Here's how to use Macro Photography on iPhone 13 Pro and Pro Max for incredible shots.

New Macro Photography On iPhone 13 Pro And Pro Max Is Tricky — Here's How To Master It

Get ready to snap incredible close-ups.

When Apple introduced its lineup of iPhone 13 devices on Sept. 14, the highly anticipated camera features on the iPhone 13 Pro and Pro Max stole the show. There are plenty of cool features on the tech giant’s latest smartphones, but one of the most unique capabilities is the new macro photography mode. It’s a little tricky to find in the camera, but once you know how to use macro photography on iPhone 13 Pro and 13 Pro Max, you’ll be taking all the close-ups your storage can handle.

With new camera features like Cinematic mode, Photographic Styles, and macro photography, you might be overwhelmed when you open your new iPhone 13 Pro or Pro Max. As you explore make sure to check out macro photography ASAP. Essentially, macro photography allows you to take close-up photos with great detail. It may seem tricky to use, though, because there’s no actual mode in your camera labeled “macro.” Instead, to use macro photography you’ll need to physically move your iPhone really close to your subject.

When you physically move (not zoom in) your iPhone 13 Pro or Pro Max camera toward an object, the camera will automatically shift to macro photography by selecting the new Ultra Wide camera and autofocusing on your subject, capturing the smallest of details.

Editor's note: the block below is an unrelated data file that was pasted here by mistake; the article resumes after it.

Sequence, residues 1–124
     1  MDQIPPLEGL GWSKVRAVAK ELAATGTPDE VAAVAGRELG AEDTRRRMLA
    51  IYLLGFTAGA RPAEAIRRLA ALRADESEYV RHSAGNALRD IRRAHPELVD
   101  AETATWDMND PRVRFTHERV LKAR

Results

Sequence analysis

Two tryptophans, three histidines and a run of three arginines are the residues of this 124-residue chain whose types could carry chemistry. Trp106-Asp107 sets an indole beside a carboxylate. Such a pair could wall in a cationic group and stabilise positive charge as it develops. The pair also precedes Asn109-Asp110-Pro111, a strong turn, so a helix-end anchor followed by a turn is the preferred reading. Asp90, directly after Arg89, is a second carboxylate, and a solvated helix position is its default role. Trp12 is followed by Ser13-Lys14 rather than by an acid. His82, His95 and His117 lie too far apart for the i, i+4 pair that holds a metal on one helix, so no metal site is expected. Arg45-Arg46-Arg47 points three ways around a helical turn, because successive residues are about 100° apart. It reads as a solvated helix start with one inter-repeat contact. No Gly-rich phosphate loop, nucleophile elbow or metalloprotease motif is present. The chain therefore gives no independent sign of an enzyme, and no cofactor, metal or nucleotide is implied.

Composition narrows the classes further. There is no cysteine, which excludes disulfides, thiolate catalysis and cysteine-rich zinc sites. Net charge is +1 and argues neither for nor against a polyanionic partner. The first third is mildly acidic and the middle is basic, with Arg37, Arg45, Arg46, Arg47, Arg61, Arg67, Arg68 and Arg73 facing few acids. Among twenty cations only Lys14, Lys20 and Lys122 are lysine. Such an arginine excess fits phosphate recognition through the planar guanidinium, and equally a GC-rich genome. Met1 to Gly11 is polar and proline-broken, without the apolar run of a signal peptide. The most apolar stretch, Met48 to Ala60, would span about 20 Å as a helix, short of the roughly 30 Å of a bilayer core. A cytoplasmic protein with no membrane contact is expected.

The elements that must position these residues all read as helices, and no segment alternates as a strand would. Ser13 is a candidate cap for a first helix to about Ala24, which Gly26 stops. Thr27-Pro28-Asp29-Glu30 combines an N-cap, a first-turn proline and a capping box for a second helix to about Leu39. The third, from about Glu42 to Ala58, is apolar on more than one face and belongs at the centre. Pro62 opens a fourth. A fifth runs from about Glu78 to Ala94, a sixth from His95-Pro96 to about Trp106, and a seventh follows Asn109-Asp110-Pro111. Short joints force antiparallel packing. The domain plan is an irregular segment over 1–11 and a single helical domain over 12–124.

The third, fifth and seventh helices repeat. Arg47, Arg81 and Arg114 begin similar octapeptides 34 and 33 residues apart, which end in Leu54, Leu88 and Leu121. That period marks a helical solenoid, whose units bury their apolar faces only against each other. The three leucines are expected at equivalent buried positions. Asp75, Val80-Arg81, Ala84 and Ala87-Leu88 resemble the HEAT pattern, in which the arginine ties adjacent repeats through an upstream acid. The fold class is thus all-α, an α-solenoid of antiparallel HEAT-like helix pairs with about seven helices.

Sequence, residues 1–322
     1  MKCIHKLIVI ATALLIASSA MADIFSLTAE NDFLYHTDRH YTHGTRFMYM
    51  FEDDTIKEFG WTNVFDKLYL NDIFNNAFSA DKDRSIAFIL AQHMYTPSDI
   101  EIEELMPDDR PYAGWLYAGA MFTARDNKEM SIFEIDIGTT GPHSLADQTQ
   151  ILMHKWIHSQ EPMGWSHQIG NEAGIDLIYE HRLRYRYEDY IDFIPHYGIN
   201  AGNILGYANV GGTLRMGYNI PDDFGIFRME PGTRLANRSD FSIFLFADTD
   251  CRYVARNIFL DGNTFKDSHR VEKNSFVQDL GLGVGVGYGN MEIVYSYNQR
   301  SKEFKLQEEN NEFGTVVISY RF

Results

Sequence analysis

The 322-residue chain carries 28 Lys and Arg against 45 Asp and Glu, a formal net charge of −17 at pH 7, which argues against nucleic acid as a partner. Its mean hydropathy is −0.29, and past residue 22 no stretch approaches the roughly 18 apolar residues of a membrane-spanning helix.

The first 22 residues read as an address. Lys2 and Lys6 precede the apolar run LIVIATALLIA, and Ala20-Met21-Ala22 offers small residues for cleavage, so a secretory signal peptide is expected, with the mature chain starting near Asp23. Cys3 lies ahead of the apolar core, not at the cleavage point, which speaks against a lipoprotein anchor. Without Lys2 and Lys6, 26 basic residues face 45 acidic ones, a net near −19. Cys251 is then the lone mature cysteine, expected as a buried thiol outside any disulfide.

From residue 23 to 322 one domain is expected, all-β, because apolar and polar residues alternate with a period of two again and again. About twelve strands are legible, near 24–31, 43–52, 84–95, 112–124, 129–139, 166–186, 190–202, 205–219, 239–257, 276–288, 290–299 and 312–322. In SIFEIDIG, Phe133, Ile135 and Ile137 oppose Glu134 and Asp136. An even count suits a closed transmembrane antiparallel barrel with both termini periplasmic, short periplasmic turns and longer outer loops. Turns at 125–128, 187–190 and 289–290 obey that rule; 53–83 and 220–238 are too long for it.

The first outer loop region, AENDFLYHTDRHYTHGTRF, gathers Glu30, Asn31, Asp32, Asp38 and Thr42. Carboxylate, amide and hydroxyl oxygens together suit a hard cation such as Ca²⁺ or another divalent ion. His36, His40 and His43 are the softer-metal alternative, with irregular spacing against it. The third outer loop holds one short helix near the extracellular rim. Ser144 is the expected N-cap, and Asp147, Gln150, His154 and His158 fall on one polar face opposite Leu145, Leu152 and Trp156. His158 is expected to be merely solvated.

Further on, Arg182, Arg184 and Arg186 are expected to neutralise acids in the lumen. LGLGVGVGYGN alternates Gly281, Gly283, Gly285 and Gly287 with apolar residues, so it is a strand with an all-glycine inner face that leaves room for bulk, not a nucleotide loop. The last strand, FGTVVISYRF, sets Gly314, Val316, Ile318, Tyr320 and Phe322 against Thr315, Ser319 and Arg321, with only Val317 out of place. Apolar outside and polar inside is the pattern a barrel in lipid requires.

You can take the macro photo the same as you would any other picture: Tap the shutter button or press either volume button on the left side of your phone.


To use macro photography while zoomed in or with a wide shot, first adjust your camera’s zoom to .5x, 1x, or 3x. Once you have your desired frame, physically move your camera close to your subject to activate the Ultra Wide camera, which will bring out all the details in great sharpness — and you can snap your pic.

You can use macro photography in most of the camera modes and in video modes like Slo-mo and Time-lapse. The macro feature isn’t available for Portrait mode (since the subject must be further away to use it) or on the front-facing camera (since it uses the new Ultra Wide camera).

When you do use macro photography, you’ll know it. Once activated, the camera will display crisp, sharp details with a minimum focus distance of 2 centimeters.


Once you know how to activate the macro photography mode with the camera, you’ll be snapping some of the most detailed close-ups you’ve ever seen. If you’re ready to get up close and personal in your photography, you can buy the iPhone 13 Pro and Pro Max for $999 and $1,099, respectively.

Before heading to an Apple store to get up your photo game, remember to check the CDC guidelines for the most updated health rules.